A RURAL bus service, which was saved by a group of volunteers after having its funding cut, has celebrated its final day of the season with a packed out bus.

The Friends of the Moorsbus, who saved the service after the North York Moors National Park was forced to cut financial support for the service last year, are celebrating a successful end to the season.

Helen Grundy, from the group, said that keeping the bus service alive has meant that people who may not be able to reach the moors on their own were still able to visit.

She said: “Keeping the bus running this year has meant that hundreds of people have been able to enjoy the area and at the same time put thousands of pounds into the local economy. Many of our passengers either didn’t have a car, or wanted to undertake linear walks in the Moors. If it wasn’t for the Moorsbus, they would not have been able to access this part of our national heritage.”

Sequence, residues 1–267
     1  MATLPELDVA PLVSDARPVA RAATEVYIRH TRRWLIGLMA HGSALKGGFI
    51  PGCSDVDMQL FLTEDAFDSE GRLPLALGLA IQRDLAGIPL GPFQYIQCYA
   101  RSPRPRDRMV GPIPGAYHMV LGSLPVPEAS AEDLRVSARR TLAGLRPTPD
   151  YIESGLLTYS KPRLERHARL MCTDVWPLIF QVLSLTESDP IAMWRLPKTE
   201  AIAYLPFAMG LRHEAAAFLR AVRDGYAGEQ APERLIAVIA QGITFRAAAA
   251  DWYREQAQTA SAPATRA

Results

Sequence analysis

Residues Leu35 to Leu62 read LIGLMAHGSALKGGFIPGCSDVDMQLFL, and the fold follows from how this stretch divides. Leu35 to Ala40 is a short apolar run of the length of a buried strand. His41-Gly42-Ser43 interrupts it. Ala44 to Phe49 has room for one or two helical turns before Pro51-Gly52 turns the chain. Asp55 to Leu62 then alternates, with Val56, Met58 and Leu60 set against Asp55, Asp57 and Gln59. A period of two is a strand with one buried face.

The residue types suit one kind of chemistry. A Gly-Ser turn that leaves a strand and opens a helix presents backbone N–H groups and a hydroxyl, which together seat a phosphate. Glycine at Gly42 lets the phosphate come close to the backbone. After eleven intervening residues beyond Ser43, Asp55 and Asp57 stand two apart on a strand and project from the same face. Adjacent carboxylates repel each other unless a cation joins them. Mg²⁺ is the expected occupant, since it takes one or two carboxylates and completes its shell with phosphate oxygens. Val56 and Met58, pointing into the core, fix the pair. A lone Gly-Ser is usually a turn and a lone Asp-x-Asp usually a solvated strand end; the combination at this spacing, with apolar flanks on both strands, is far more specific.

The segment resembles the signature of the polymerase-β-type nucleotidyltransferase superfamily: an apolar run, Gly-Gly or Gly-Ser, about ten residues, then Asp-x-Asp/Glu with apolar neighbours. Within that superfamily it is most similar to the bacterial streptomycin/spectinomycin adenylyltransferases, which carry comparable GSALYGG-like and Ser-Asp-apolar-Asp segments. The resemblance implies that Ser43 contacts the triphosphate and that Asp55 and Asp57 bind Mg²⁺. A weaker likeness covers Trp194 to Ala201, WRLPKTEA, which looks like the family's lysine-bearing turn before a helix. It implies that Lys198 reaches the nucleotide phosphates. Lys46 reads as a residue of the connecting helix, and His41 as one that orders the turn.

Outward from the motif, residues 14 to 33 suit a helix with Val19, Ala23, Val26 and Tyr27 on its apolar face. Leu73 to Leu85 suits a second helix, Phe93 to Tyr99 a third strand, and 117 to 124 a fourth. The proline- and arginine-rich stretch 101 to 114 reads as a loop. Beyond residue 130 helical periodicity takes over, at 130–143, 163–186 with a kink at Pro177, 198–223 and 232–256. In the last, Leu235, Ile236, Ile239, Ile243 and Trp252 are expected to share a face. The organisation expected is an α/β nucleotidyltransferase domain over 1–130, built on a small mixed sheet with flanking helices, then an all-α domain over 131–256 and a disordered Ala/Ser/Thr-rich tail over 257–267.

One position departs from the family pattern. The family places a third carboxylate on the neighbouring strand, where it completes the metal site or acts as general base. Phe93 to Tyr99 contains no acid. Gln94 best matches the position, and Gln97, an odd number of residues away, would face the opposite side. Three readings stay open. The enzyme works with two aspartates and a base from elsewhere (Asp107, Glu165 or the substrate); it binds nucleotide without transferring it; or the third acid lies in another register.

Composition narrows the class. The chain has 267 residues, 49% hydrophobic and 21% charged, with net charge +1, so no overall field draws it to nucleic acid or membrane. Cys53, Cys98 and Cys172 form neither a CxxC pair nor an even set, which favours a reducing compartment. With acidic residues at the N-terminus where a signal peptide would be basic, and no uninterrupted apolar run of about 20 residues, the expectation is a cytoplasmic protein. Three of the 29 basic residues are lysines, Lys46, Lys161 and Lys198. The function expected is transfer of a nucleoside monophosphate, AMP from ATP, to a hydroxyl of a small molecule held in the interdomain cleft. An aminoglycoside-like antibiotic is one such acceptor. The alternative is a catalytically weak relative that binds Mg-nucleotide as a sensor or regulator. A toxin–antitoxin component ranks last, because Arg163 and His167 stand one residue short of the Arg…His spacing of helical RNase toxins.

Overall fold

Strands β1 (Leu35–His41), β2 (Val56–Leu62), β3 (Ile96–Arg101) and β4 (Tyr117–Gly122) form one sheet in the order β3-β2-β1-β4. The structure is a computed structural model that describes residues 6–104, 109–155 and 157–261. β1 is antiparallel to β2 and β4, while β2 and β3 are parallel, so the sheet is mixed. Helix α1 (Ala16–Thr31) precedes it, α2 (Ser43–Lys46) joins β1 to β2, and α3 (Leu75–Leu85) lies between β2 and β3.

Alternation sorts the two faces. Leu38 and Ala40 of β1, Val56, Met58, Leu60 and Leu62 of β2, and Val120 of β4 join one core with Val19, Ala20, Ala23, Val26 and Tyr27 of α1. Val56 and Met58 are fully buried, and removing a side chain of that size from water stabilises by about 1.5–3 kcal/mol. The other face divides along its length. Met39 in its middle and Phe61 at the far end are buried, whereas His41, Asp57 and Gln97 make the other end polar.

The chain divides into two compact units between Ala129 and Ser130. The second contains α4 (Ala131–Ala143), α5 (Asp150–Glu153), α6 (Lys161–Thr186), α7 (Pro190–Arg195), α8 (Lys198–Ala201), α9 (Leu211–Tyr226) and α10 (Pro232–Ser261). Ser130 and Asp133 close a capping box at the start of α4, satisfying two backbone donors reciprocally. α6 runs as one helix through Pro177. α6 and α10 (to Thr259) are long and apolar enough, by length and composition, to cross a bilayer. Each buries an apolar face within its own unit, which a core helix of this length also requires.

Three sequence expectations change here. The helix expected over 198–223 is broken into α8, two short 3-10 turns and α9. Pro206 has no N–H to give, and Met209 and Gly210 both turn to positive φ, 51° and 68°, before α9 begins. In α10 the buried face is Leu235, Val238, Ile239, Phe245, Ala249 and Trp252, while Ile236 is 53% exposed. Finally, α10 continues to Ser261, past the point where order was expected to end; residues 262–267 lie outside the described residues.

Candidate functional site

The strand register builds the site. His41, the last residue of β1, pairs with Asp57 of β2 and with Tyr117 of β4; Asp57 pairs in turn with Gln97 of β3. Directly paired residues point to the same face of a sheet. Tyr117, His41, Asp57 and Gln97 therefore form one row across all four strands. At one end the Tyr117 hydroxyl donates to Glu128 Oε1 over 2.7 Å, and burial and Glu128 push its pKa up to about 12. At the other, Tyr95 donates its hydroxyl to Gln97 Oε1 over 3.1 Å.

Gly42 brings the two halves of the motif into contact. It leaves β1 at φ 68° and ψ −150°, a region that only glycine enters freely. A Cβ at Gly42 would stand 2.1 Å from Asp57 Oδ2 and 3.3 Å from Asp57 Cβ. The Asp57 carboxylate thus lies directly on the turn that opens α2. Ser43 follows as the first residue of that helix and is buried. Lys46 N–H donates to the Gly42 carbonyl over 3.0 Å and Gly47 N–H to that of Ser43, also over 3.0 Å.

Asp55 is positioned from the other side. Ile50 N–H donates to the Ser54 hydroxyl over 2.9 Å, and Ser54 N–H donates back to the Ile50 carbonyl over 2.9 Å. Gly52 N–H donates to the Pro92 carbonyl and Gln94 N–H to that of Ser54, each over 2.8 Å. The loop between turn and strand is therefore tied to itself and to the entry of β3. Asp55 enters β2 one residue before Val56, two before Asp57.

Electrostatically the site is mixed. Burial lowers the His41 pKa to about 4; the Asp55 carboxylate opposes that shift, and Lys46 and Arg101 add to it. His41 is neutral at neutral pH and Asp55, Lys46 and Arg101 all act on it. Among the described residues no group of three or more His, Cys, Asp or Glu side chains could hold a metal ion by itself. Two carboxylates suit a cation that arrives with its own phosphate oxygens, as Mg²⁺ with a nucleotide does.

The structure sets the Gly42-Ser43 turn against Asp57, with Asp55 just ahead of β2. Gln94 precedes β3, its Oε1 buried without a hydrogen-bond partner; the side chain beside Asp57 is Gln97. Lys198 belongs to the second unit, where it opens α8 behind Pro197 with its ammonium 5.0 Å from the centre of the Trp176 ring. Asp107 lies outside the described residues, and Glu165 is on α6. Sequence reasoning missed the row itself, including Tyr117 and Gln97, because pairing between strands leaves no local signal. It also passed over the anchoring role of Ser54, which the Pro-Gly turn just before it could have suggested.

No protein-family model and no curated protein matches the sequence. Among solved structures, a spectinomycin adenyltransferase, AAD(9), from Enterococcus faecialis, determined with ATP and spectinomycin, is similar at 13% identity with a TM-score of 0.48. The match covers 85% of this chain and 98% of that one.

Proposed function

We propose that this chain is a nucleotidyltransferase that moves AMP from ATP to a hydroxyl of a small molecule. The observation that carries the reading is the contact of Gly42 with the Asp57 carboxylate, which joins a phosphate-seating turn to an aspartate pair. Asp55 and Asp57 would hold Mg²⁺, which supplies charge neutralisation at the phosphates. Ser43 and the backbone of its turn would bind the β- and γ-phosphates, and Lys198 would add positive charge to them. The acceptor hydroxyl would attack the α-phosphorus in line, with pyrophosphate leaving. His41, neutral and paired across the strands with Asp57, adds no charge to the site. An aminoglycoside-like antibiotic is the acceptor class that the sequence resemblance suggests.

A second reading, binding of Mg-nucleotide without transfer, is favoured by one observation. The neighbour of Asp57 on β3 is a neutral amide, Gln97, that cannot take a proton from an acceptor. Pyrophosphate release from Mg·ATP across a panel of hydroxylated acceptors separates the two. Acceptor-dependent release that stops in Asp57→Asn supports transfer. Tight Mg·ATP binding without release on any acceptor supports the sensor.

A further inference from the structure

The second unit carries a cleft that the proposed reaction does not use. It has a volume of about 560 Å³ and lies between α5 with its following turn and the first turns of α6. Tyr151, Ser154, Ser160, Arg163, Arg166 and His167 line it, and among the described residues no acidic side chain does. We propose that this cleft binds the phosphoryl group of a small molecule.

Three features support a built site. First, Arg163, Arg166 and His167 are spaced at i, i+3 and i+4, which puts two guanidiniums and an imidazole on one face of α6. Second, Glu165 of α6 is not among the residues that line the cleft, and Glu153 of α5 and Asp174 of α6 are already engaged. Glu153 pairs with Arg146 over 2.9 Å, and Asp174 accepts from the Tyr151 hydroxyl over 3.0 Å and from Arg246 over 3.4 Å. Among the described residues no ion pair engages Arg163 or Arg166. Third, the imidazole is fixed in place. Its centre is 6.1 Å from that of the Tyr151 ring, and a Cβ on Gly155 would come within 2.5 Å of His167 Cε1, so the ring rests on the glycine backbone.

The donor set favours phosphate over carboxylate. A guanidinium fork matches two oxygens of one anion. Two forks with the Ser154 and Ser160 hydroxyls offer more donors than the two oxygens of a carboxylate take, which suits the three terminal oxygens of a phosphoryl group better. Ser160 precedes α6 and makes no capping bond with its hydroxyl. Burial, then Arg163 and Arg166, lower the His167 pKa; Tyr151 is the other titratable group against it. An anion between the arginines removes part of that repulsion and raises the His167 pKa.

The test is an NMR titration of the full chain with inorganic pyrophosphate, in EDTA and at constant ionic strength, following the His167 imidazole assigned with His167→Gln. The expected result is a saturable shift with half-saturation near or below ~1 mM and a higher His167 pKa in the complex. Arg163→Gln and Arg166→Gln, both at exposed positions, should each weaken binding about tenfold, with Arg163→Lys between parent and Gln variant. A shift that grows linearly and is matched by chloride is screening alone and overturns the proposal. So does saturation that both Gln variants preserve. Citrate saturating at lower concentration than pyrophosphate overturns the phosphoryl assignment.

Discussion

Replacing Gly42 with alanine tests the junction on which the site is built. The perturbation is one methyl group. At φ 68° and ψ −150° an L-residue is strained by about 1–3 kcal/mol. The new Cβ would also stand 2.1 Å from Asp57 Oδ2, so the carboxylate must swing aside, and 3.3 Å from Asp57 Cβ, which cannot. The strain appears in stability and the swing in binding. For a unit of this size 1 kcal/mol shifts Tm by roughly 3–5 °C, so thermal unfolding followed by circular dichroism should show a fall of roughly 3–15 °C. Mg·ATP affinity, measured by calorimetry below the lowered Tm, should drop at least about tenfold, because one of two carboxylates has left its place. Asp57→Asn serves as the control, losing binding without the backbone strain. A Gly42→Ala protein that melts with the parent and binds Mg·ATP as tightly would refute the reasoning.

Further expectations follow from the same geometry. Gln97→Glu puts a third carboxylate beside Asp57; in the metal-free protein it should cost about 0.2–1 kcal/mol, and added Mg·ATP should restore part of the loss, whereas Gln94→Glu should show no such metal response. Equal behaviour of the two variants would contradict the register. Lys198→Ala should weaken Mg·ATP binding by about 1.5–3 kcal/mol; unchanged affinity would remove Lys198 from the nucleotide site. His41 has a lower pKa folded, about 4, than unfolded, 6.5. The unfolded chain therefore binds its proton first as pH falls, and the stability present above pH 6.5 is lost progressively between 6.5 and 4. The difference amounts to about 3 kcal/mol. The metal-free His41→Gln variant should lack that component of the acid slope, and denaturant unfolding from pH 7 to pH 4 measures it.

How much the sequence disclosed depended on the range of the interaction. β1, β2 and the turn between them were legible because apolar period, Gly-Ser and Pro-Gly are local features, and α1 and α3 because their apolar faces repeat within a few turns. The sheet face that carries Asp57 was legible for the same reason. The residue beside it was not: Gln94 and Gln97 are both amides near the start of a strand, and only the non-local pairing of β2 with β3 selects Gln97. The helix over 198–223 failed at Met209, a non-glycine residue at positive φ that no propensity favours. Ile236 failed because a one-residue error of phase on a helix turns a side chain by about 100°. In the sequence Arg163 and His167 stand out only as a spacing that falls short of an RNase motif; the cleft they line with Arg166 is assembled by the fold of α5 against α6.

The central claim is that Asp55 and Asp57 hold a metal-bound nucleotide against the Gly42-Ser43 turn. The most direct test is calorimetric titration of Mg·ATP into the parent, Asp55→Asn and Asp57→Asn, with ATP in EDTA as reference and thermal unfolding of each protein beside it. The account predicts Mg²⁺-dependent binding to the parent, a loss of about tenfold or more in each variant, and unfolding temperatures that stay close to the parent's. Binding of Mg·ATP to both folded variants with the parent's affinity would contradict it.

Charity North York Moors Association provided the group with a grant and combined with donations from local people and businesses, the bus service should be able to increase next year.

Bill Breakell, of the Moorsbus Community Interest Company, said he hopes the bus has helped people to reconnect with the area.

“It has been really heart-warming to hear stories from passengers who have enjoyed the guided walks we’ve run or simply enjoyed visiting attractions and shops in the moors,” he said.

To mark the last operational day of the season volunteers and passengers met to share their views on the service and follow a guided walk around Pickering.

For more information, email friendsofmoorsbus@outlook.com